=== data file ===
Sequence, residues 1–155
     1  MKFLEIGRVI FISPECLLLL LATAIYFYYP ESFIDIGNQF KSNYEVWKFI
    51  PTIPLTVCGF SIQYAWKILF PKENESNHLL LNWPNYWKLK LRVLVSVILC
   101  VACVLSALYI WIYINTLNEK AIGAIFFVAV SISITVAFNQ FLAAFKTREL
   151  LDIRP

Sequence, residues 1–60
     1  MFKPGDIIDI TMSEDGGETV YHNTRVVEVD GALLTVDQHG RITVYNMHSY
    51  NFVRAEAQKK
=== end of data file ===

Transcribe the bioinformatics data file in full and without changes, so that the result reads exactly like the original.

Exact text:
Sequence, residues 1–155
     1  MKFLEIGRVI FISPECLLLL LATAIYFYYP ESFIDIGNQF KSNYEVWKFI
    51  PTIPLTVCGF SIQYAWKILF PKENESNHLL LNWPNYWKLK LRVLVSVILC
   101  VACVLSALYI WIYINTLNEK AIGAIFFVAV SISITVAFNQ FLAAFKTREL
   151  LDIRP

Sequence, residues 1–60
     1  MFKPGDIIDI TMSEDGGETV YHNTRVVEVD GALLTVDQHG RITVYNMHSY
    51  NFVRAEAQKK